Firefox to Block Third-Party Cookies in Privacy Update

FirefoxMozilla’s Firefox browser will have a new cookie policy when its release 22 comes out later this year. The new patch, developed by privacy advocate Jonathan Mayer, will allow first-party cookies, but block third-party cookies.

“The new cookie policy is intended to better conform to user privacy expectations and preferences,” Mayer said in an email with AdExchanger. “For my part, I share Mozilla’s enthusiasm for making Do Not Track a reality. It would provide consumer choice over third-party web tracking that is comprehensive, persistent, and polite (i.e. without technical intervention).”

The policy will be similar to that of Safari, which allows cookie permissions for first-party content and for third-party content only if it already has one cookie set, Mayer explained in a blog post about the policy.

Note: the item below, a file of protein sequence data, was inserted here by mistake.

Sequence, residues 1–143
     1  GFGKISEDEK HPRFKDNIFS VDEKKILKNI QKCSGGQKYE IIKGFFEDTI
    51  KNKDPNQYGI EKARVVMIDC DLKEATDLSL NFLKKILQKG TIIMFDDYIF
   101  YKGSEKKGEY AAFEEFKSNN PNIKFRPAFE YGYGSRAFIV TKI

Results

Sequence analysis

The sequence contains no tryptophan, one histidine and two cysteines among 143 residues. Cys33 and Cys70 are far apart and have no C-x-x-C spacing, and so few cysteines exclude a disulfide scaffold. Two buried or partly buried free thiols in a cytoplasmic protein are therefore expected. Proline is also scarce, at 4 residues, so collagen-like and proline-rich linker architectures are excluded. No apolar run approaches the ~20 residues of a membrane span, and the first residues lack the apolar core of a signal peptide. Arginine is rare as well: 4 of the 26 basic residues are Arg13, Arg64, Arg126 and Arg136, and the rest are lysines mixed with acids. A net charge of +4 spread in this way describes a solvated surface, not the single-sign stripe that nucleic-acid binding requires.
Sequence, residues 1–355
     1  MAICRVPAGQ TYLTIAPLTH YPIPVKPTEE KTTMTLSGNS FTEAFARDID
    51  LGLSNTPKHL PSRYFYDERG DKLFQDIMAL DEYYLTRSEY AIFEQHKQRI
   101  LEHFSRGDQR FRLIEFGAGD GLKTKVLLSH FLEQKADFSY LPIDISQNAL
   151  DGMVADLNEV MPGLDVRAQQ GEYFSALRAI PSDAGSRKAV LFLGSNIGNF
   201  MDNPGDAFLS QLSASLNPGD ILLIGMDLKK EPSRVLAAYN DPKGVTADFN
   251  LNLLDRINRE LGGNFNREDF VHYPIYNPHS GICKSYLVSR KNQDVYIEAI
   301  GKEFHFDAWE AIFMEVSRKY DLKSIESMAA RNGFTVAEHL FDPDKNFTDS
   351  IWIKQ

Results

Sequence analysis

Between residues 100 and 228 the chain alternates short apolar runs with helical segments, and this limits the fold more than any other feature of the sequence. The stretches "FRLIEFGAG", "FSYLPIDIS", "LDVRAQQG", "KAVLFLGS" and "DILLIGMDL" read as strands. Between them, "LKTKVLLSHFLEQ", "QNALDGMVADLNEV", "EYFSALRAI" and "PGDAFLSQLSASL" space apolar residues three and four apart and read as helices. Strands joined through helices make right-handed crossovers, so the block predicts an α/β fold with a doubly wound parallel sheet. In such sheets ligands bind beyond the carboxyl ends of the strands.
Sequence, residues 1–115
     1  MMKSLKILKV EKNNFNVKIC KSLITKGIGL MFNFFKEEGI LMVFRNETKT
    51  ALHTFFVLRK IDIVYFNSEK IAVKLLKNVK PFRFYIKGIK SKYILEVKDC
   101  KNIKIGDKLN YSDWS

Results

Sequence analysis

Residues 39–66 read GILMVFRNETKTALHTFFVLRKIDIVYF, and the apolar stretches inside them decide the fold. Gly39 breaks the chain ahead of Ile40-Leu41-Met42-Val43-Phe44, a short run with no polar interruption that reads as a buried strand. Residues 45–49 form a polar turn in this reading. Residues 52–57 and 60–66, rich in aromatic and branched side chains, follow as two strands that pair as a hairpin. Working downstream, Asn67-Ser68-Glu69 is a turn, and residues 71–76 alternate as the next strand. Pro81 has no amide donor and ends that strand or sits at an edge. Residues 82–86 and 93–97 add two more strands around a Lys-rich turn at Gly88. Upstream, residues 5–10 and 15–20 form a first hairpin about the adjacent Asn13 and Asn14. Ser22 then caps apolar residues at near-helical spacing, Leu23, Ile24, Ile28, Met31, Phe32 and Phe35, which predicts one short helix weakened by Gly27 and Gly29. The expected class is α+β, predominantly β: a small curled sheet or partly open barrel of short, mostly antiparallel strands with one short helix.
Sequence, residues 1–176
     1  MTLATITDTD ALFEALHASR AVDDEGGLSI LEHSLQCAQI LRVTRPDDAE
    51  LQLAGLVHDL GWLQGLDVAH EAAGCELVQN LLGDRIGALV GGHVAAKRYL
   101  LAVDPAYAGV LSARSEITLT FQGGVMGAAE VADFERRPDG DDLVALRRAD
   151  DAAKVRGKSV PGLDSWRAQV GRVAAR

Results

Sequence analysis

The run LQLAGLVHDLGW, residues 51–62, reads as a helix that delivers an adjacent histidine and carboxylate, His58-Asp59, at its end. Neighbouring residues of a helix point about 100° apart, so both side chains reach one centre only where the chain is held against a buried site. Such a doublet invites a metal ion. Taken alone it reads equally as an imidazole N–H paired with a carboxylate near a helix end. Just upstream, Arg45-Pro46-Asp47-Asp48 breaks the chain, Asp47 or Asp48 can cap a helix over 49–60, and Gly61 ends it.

Alex Fowler, global privacy and public policy lead for Mozilla, wrote a post on the Mozilla Privacy Blog about the update: “Many years of observing Safari’s approach to third party cookies, a rapidly expanding number of third party companies using cookies to track users, and strong user support for more control is driving our decision to move forward with this patch.”

A couple tweets from advertisers have been circulating in the media coverage of this new policy, but Mayer said he and Mozilla are open to dialogue and feedback from users and the industry.

“In my conversations with Mozillans, their thinking was guided exclusively by two touchstones,” Mayer told AdEchanger. “Does this make Firefox a better product for its users? And does this advance the web ecosystem?”

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